It’s not a huge secret that I, like so many of us, have a long standing relationship with depression. Fortunately and finally, we are in a safe environment to admit as much. The lifting of this stigma can never be underestimated in its importance.
The depression I experienced in the first half of my adult life was a crash and burn, rise and fall battle that I could never win and almost destroyed me.
The depression I have experienced in the second half of my adult life, has been more of an ebb and flow, coexisting, reluctant acceptance of one another.
I could inappropriately call the depression I experience now the ‘diet’ version. It tastes the same as the other version, but with less of the negative side effects. (P.S I really don’t care what you have to say about aspartame, this is a joke).
I’ve also come to accept I will never be totally free of depression, but then I don’t want to be either. That may surprise you, but I can assure you it is the truth.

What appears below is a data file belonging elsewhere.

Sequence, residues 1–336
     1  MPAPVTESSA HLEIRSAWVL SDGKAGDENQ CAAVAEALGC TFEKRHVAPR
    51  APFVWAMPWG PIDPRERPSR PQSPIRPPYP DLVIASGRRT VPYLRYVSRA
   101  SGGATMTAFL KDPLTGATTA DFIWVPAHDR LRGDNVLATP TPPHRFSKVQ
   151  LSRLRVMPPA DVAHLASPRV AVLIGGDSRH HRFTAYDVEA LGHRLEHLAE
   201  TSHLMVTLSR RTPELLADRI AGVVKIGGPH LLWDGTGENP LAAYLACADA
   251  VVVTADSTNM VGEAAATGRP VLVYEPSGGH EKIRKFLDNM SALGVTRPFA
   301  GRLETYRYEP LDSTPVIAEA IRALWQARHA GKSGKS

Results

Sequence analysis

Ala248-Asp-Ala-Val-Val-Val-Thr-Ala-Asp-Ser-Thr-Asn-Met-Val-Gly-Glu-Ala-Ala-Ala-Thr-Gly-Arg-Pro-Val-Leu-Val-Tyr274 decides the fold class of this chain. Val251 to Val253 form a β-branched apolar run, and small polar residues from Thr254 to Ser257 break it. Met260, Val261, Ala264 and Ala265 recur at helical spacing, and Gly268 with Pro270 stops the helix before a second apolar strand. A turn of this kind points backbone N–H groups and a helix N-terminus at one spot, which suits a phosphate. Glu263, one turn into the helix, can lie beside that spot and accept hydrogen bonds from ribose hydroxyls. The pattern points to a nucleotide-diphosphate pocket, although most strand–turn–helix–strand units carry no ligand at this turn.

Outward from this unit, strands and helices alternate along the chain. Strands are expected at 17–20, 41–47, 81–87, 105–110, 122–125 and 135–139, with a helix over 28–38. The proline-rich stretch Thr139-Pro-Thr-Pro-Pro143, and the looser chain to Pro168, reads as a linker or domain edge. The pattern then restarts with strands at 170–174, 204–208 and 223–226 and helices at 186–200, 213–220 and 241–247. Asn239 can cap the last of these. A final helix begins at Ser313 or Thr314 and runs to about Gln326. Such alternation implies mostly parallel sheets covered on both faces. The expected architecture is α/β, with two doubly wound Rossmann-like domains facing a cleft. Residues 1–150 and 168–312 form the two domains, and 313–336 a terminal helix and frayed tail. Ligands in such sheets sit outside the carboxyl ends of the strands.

In fact, if somebody tried to take my depression away, like brothers who fight over everything internally, from who gets the blue toothbrush to omnipotence of the remote control, yet fix ranks and stand together when attacked externally, I would defend ‘my’ depression against any and all external threats.
I would safeguard my beautiful depression, because from it has spawned every insight, every inspiration, every philosophy and every conclusion of any importance that I have ever experienced.
“Only in the darkness can we truly see the light.”
Yet, reaching this climactic point of coexistence with my own depression, required a paradigm shift of gargantuan proportions to precede it.
This shift contained three things.
I will call these three things ‘thingys’ for no other reason than calling things ‘thingys’ is painfully British and i’m British and if you’re reading this there is a 83% chance you are not (only 17% of our members are British) and you may find it delightfully twee.
If you are one of the 17% of readers who happens to be British, you can nod your head and say “I call things ‘thingys’ too. We invented the language and that’s the best we’ve got.”
Whilst no two depressions are the same, if these words resonate with even one person who has experienced the depths of darkness I have, they are worth writing.
Thingy 1: The change of changes
Once upon a time, depression stopped me in my tracks in the entirely literal sense. When darkness struck, everything stopped.